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Georgia Probate Laws

In Georgia, probate is a fancy term for the legal process that occurs after a person dies. That person is known as the "decedent." It generally involves going to court to decide on:

  • Whether there is a valid will;
  • Appointing a person who will gather any assets (executor if there is a will, administrator if there is no will);
  • Paying any debts the decedent may have; and
  • Distributing any assets that are left over.

The Process

The process can vary depending on whether or not the decedent had a valid will and the type of probate administration the decedents estate will have to go through. If the decedent died with a will, the executor will follow what's laid out in that document.

If a person died without a will, the court will divide the property among the heirs based on Georgia probate laws. Here's a useful chart to help you understand.

How to Skip Probate if the Decedent Didn't Have a Will

Georgia law allows an heir to request that the decedent's estate skip probate entirely. This is an expedited process that avoids complicated forms and numerous trips to probate court. This process can be utilized when the decedent died without a will and all the heirs agree on how the remaining assets should be divided. A written plan is required to be filed by the heirs with the probate court. This written plan must show how all of the property of the estate will be disbursed.

This can be started by filing out a "Petition for Order Declaring No Administration is Necessary."

Have fighting heirs? People who simply don't agree to how assets should be divided? You won't be able to use this probate petition.

In addition, the estate must not have any outstanding debts. If there are outstanding debts, then the heir must certify that all of the creditors have agreed to the petition.

Creditors want to be paid and won't agree? You won't be able to use this probate petition

See Probate Court, State Probate Courts, Avoiding Probate, and Estate Taxes for more information.

Code Section Official Code of Georgia Annotated (OCGA) Section 53-2-1, et. seq.
Types of Probate Administration Will or no will (Intestate).In some instances you can avoid probate if the decedent dies without a will, all the heirs agree to how to distribute the estate, and all creditors (if any) agree to the distribution plan.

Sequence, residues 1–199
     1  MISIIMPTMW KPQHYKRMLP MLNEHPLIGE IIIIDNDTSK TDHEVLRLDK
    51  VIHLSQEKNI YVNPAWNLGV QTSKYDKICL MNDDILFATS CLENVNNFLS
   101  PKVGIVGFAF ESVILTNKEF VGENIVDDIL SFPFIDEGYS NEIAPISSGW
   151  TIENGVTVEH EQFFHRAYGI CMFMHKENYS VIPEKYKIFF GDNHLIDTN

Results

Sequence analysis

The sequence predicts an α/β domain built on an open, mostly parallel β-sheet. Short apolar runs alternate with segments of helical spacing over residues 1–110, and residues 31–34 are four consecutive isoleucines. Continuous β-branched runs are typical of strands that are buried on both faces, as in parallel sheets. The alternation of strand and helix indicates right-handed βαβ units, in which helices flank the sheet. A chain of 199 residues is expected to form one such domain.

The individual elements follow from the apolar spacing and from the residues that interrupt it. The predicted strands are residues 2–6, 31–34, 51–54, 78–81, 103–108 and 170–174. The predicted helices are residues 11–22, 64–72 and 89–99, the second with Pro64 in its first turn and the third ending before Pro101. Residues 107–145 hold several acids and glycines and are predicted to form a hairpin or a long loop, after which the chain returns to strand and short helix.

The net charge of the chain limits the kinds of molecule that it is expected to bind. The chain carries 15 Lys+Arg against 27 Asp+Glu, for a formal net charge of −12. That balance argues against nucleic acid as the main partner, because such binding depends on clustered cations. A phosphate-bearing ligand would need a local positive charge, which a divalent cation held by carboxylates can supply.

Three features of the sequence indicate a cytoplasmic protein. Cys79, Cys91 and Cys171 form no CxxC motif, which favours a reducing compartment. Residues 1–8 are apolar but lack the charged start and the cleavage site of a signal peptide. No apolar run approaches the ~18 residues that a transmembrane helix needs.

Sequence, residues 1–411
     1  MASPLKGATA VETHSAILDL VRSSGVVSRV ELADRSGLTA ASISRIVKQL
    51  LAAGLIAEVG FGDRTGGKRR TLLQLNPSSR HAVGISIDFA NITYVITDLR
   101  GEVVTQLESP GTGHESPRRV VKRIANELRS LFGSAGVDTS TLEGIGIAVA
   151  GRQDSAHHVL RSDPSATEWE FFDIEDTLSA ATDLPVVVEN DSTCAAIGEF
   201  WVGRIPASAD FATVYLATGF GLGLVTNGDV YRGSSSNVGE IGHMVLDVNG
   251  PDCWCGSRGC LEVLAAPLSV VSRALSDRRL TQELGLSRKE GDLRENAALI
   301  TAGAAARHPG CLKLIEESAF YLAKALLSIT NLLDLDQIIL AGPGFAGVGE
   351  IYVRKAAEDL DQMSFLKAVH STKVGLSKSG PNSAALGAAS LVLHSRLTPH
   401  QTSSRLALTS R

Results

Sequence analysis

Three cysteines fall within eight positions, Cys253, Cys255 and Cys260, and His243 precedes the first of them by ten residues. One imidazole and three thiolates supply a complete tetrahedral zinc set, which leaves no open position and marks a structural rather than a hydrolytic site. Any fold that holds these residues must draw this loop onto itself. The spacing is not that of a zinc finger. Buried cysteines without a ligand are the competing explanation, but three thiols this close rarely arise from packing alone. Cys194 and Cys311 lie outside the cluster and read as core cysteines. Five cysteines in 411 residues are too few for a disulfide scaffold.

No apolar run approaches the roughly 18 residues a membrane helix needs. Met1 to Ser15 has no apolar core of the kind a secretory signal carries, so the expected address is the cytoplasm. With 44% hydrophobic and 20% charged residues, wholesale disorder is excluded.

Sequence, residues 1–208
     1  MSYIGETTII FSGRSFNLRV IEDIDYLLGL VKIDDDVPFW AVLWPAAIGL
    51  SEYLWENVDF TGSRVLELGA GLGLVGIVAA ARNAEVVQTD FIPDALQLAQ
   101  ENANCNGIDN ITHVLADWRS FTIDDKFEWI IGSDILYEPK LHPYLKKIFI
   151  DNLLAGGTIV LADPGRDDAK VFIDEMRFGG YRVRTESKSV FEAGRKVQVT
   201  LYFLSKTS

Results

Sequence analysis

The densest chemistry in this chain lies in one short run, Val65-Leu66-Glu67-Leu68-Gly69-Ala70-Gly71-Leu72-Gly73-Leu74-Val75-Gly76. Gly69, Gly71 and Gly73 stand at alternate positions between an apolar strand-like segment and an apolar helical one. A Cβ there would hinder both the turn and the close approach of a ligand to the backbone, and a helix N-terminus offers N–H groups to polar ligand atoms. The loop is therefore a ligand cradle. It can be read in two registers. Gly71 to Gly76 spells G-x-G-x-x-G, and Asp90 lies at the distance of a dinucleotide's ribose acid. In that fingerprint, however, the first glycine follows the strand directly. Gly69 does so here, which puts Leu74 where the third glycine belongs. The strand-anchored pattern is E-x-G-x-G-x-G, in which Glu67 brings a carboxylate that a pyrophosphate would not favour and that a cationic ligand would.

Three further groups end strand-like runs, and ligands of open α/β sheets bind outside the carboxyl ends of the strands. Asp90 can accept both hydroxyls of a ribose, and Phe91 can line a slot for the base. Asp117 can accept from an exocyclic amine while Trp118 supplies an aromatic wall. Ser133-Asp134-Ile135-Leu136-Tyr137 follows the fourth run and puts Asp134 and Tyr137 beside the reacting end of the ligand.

What Assets Go Through Probate? Bank accounts in the decedent's name with no co-owner and no beneficiary designation; real estate that is owned by the decedent individually; real estate that is co-owned as tenants in common; stocks and bonds in the decedent's name, tangible possessions such as clothing, jewelry, household furniture, and cars registered in the decedent's name only
What Assets Do Not Go Through Probate? Property in a Revocable Trust, real estate owned as Joint Tenants with a Right of Survivorship, life insurance policies and retirement accounts with a designated beneficiary, bank accounts with payable on death (POD) or Transfer on Death (TOD) clause.
Who Supervises and Decides Probate Cases? The Georgia Probate Courts
Estate Taxes No, Georgia does not have a separate estate tax. The law changed as of December 31, 2004.
List of Forms

Probate Forms from the Georgia Courts website and "What to do When a Loved One Dies"

Get Professional Help From a Georgia Probate Lawyer 

Georgia's probate laws can be tricky, and embarking on a particular probate procedure when you're not absolutely sure about the law can create all kinds of new problems. A local Georgia probate or estate administration attorney can help you better understand the how the state's current laws apply to your particular situation. Get started today and find a probate law attorney near you.

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